India’s single-day tally of COVID-19 cases crossed 800 after 126 days on Saturday, while the number of active cases climbed to 5,389, according to Union health ministry data.
With 843 fresh infections, the country’s caseload increased to 4.46 crore. The death toll rose to 5.3 lakh with four fatalities, the data updated at 8 am stated. While Jharkhand and Maharashtra reported one death each, two were reconciled by Kerala. As per the data, Kerala, Maharashtra, Karnataka, and Gujarat have the highest number of the viral infection cases.
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At 5,839, the active cases now comprise 0.01 per cent of the total infections. The national COVID-19 recovery rate was recorded at 98.80 per cent, according to the health ministry website. India’s daily average new COVID cases are up six times in a month. Average daily new cases a month ago (February 18) was 112 while now (March 18) it’s 626.
The number of people who have recuperated from the disease surged to 4.41 crore and the case fatality rate stands at 1.19 per cent. According to the ministry’s website, 220.64 crore doses of COVID-19 vaccine have been administered under the nationwide vaccination drive.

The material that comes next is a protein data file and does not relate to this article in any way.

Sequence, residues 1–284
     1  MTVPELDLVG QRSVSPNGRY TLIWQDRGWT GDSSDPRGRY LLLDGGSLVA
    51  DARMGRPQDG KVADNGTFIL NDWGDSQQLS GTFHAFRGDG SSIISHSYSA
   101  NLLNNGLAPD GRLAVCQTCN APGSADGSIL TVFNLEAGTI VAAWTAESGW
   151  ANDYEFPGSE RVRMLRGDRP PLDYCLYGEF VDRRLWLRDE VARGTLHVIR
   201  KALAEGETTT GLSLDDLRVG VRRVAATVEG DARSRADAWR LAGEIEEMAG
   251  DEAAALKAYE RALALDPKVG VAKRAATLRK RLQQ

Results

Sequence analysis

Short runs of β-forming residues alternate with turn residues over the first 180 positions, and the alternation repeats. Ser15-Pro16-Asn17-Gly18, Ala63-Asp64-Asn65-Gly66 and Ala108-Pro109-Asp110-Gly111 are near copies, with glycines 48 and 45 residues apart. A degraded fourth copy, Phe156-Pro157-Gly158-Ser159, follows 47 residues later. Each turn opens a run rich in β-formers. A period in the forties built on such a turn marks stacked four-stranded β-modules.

Meanwhile, the Centre has written to six states, saying they should focus on controlling the sudden rise in the viral infection. The Union Health Secretary on Wednesday wrote to Maharashtra, Gujarat, Telangana, Tamil Nadu, Kerala, and Karnataka, asking them to stress on testing, treating, tracking, and vaccination.
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In its letter to the six states, the health ministry had said there are a few states which are reporting higher number of cases indicating possible localised spread of infection. There is a need to follow a risk assessment-based approach to prevent and contain the infection, without losing the gains made so far in the fight against the pandemic, it added.
Health Secretary Rajesh Bhushan had on Saturday as well written a letter to states and Union Territories flagging a gradual rise in COVID test positivity rates in some states. Calling it a concerning issue, he had said it needs to be promptly addressed.
(With inputs from agencies)